Flash and Unity development

Simple Jump Pads and Wind Zones in Unity 2D plus Errata and Lerpz Tutorial Links…

Posted by robotheadgames on August 30, 2014

First, I goofed in my last post on the mouse platformer. The platform trigger should be set to this:


Oneway should be checked OFF. Why? You only want it enabled when it is triggered. Otherwise, when enemies come down from above, they will fall through all the platforms. Note: I’m using the enemy script from the 2D example, I am not sure what the enemies will do in my final game yet. Perhaps they won’t follow physics. It will be a learning experience.

Also, if you are looking for the Lerpz tutorials I mentioned in my first post, they are gone from Unity’s site. The PDF’s can be downloaded from here (2D) and here (3D). Assets for the 2D game (actually the whole 2D Unity project) are also on GitHub. 3D assets including scripts (which aren’t fully documented in the PDF) are in this project based on Lerpz 3D. They are also probably in this game also based on Lerpz (I haven’t checked.)

Next, how to make those jump pads and wind…

In my first mouse platformer post, the Flash Edward Engine example included both jump pads and wind. The Unity 3D example, based on Lerpz included jump pads (following the Lerpz 3D tutorial) and for the wind zone, I just sized one up vertically.

These 2D jump pads are inspired by that tutorial but are simpler, similar to the one way platform method I use. Jump pads can also be thought of as trampolines.

First make a new game object with its own sprite. (I just used the UFO base from the current 2D platformer example project because its the rough shape I want. Assign a 2D edge collider to it like this. 

Jump Pad

My edge is poorly drawn but its not final and it works.  (This also enables me to make slanty platforms. Yay.)

Then as before, add an empty Game Object as a child of the jump pad. (I named it JumpPadTrigger) Add a box collider to it (as a trigger) and position it at the top of the pad as shown. Attach this simple script (C#)

using UnityEngine;
using System.Collections;

public class JumpPadTrigger : MonoBehaviour {
public float jumpForce = 1200f;

// Use this for initialization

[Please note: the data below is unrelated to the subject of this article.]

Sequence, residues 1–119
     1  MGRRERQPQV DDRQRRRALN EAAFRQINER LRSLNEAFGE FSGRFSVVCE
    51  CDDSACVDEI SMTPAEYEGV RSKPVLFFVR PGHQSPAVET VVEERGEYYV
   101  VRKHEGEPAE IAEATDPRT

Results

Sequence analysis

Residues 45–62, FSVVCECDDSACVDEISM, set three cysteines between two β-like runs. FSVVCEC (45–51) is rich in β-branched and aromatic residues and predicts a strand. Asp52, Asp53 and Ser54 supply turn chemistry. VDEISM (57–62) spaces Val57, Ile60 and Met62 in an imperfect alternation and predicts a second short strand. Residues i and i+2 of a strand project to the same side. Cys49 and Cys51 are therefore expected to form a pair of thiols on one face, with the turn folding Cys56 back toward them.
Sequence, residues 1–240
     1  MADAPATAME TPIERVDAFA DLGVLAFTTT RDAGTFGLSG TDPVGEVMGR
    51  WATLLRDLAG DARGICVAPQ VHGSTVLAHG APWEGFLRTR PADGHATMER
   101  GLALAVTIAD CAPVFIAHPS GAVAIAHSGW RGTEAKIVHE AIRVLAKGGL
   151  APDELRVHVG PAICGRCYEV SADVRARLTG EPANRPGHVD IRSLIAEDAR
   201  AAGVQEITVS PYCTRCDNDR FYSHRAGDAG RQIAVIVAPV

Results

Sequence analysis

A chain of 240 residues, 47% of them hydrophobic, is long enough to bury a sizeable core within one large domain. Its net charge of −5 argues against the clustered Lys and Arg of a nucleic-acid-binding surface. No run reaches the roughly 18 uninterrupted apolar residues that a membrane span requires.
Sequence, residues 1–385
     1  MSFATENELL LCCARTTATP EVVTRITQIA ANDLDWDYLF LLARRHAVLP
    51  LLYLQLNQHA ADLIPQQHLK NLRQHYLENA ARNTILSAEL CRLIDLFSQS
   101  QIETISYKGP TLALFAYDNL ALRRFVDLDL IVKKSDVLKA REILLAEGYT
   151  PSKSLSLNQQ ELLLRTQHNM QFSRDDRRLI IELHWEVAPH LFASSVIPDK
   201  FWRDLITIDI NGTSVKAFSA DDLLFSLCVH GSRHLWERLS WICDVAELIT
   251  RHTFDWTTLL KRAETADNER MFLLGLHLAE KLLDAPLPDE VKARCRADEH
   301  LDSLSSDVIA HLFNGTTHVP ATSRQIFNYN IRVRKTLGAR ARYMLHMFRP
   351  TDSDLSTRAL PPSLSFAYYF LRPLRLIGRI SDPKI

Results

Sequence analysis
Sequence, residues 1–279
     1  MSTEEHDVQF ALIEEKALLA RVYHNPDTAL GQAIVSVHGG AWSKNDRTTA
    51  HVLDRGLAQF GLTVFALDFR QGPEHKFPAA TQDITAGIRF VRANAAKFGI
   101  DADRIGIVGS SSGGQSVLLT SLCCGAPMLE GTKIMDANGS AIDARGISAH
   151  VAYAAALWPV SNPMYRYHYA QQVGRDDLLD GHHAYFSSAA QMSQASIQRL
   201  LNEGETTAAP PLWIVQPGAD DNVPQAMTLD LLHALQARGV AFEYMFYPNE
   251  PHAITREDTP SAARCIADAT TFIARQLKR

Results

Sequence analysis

void Start () {

// Update is called once per frame
void Update () {


void OnTriggerEnter2D(Collider2D other){
other.rigidbody2D.AddForce(new Vector2 (0f, jumpForce));


and JavaScript:

#pragma strict
var jumpForce = 1200;

function Update () {


function OnTriggerEnter2D(other: Collider2D) {
other.rigidbody2D.AddForce(new Vector2 (0, jumpForce));

That’s it!

You can set Jump Force to whatever you like. Here it is the same value as the character’s regular jumps (1200). But as with the Edward Engine example, I’ve made two more jump pads higher up in the level that give him 2x and 3x jumps, just increasing Jump Force for each instance. Unity makes this really easy of course. And of course, the first jump pad gets saved as a prefab.

Note that the platforms can also be assigned a physics material that has bounciness. I have yet to try this but it may be interesting given the nature of this game.

As for wind zones, pretty much the same thing as jump pads. Use a different sprite in a new prefab based on the jump pad prefab, etc. I also added a particle system to give it that Sonic fan-blowing-dust/rubbish look, this may or may not make it into the final version. Then just make the trigger as tall as you want your wind zone to be but make its Jump Force really low. (I did 100.) This gave me the effect I wanted. If the character goes all the way up through the wind zone, he goes really high. But if he comes down upon it from above, it just buffets him up a bit.

Both problems solved. Also, I am enjoying Unity quite a bit and am thinking this example will be the basis for the final game.


2 Responses to “Simple Jump Pads and Wind Zones in Unity 2D plus Errata and Lerpz Tutorial Links…”

  1. […] Simple Jump Pads and Wind Zones in Unity 2D plus Errata and Lerpz Tutorial Links… […]

  2. […] The assets and tutorials used for the 3D project are so old they’re gone from Unity’s site. But they can still be gotten online. (Links in my blog.) […]

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